J.D. Vance slams ‘fraud’ Tim Ryan ahead of first Ohio Senate debate
STEUBENVILLE, Ohio — Ohio Republican Senate candidate J.D. Vance slammed his Democrat opponent Rep. Tim Ryan (D-OH) ahead of the pair’s first formal debate set for Monday evening.
In an interview with the Washington Examiner, Vance called Ryan “a fraud” and expressed optimism that on Election Day he would be elected to the U.S. Senate and ensure a key seat remains in the GOP‘s column as the party seeks to regain control of the upper chamber of Congress.
“We’re starting to get the message out consistently that Tim Ryan is a fraud, and his voting record doesn’t align with the presentation on the campaign,” Vance said. “So [I] feel good about the race. We’re ahead, I also think we have the momentum, and hopefully we can take whatever lead we have and expand it over the next 30 days.”
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Polling throughout the summer showed a competitive race with an advantage for the Democrat Ryan, but more recent polling indicates Vance has pulled ahead. He currently leads the Real Clear Politics average by 1.2% and recently appeared at a rally with former President Donald Trump, who has endorsed the first-time candidate.
Ryan, who was first elected to the House of Representatives in 2002, has cast himself as a more centrist Democrat with a consistent record of bipartisanship. But Vance has challenged the Ohio congressman’s track record on the campaign trail.
At a recent rally, Vance slammed his opponent for voting “for everything that has made this country less free, less prosperous, and less secure” and said that “with Tim Ryan, you never have to wonder, he’s going to vote exactly how Nancy Pelosi and Joe Biden tell him to vote.”
Ryan campaign spokesperson Jordan Fuja told the Washington Examiner in a statement that “Vance continues to project his own shortcomings onto Tim” and that voters in the state of Ohio “know that Tim will continue to work across the aisle and fight like hell for Ohio in the Senate.”
“San Francisco phony J.D. Vance has sold Ohioans out at every turn by calling for a national abortion ban, saying law enforcement is ‘corrupt,’ and bringing a Purdue Pharma mouthpiece directly to the Ohio communities hit hardest by the opioid epidemic,” Fuja said.
Vance spoke to the Examiner ahead of a speech he gave Saturday at the “Restoring a Nation” academic conference at the Franciscan University of Steubenville, a Catholic university in eastern Ohio. Steubenville, he said, is one town that he has “really come to love” as he has traversed the state throughout his campaign and provides “a good backdrop” for it.
“Steubenville is a classically American town,” the Hillbilly Elegy author and venture capitalist said. “It’s one of these places that’s not unlike the town that I grew up, Middletown, where you had a very proud manufacturing economy, undergirding a very stable middle class, and we suffered the effects of globalization more than most of our cities. Most of the cities in the country … were hurt a little bit by globalization. Steubenville, Middletown, and Youngstown were hurt a lot.”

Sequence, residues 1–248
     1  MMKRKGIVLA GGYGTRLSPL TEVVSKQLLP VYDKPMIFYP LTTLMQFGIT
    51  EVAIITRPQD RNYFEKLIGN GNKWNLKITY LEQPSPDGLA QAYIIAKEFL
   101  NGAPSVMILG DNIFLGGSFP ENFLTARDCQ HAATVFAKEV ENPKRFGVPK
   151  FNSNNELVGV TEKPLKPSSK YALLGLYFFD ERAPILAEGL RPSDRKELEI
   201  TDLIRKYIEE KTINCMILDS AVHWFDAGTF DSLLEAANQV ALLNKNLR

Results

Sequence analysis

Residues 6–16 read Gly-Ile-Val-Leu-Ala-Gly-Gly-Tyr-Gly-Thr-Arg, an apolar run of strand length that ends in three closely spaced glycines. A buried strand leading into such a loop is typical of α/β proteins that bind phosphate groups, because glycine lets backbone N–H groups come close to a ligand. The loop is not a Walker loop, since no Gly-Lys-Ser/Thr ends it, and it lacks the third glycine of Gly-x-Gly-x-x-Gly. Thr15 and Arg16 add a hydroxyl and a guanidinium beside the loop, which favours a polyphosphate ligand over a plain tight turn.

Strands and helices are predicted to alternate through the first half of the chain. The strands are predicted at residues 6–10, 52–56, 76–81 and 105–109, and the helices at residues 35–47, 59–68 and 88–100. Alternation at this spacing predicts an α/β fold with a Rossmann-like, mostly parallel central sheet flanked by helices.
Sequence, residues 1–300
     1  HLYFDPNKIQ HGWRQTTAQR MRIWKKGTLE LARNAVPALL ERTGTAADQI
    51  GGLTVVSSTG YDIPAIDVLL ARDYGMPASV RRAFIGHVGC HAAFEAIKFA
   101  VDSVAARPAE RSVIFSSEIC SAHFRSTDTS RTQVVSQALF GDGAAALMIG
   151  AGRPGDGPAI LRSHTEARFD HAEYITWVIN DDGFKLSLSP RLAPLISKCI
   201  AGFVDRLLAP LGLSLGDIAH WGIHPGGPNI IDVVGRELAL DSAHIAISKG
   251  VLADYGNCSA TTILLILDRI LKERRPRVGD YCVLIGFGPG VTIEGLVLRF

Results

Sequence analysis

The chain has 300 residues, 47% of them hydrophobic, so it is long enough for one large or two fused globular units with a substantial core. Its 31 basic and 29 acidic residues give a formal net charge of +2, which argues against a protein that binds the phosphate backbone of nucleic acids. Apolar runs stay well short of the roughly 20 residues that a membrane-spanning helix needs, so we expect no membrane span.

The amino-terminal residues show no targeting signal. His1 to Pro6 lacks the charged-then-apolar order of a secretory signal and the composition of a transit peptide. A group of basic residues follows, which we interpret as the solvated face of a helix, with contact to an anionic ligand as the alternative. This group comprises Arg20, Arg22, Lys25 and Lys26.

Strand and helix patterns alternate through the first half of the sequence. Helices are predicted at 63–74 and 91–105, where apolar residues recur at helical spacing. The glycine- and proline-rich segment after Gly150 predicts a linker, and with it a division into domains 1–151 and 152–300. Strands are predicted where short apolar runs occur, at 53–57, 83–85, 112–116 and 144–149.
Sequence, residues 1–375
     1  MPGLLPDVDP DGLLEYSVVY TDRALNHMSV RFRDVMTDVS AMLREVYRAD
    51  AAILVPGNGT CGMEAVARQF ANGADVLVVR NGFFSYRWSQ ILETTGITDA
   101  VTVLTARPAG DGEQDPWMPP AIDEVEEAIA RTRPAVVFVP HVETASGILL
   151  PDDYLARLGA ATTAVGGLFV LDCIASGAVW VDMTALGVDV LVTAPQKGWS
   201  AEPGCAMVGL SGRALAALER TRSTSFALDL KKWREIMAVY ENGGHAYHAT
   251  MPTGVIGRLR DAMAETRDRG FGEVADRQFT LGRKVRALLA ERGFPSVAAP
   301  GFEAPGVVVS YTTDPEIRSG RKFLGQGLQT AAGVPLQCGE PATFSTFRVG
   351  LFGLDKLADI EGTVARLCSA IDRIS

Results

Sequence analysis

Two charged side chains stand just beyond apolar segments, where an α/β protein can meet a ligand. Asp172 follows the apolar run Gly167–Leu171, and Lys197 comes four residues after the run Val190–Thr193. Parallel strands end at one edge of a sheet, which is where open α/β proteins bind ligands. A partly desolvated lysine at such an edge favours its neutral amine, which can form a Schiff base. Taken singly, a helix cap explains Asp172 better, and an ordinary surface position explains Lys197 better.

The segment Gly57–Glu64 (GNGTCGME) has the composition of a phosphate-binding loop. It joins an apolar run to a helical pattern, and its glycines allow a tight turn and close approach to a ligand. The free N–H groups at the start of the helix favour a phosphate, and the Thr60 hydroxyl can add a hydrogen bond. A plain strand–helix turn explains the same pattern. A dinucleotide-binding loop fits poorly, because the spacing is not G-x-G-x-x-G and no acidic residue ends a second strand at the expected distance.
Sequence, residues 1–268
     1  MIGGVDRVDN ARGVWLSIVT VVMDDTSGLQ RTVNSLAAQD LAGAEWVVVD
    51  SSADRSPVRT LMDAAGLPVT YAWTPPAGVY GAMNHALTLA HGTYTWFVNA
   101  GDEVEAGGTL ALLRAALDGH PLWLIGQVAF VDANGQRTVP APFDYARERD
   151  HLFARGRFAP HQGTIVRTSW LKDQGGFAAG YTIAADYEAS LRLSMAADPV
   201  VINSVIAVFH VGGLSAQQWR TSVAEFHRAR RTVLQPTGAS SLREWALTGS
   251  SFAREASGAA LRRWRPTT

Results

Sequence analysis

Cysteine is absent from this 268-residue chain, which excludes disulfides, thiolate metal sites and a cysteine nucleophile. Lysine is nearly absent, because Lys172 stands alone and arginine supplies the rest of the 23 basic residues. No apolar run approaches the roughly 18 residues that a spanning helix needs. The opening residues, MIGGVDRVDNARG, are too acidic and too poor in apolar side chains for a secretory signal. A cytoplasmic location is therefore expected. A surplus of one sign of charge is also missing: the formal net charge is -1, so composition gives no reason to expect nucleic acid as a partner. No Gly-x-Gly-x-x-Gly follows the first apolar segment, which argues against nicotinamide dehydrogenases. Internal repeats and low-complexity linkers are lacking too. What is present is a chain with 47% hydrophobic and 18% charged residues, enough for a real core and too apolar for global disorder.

Once a major industrial town, Steubenville’s manufacturing economy waned in the final decades of the 20th century, as the steel manufacturing that served as the town’s economic engine shuttered and the city’s population rapidly declined. The town today has a population of just over 18,000, according to the 2020 census, with an estimated poverty rate of 24.8%.
Cognizant of the former industrial town’s wounded economy and culture, Vance noted that the economic decline of the town was a direct cause of the social and cultural issues that have afflicted it as the industry has left.
“I think there’s a very direct line between the decline of the manufacturing economy, the decline of family stability, and then some deeper structural issues that moved in like a rise in domestic violence and drug use,” he lamented. “It’s pretty clear when the local economy and the community supported by that local economy falls apart, people really suffer. In a lot of ways, our generation is picking up the pieces from a generation of Americans that had a lot of manufacturing capacity, a lot of family stability, and a lot of social harmony.”
“The leadership squandered it and we’re left to rebuild and renew what once existed and hopefully build something new in the process,” he added.
Vance said that his trip to the conference was his sixth visit to Steubenville, and noted that the town is experiencing something of a renewal, while still maintaining its working-class roots.
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“It’s got a very interesting combination of industrial town working-class vibe, but also a very cool intellectual climate with Franciscan University,” Vance said of the town. “It’s also just beautiful. If you’ve been to Steubenville … I think it really brings up some of the beautiful parts of Ohio and what we were building at a time in our country when we were focused on building beautiful things.”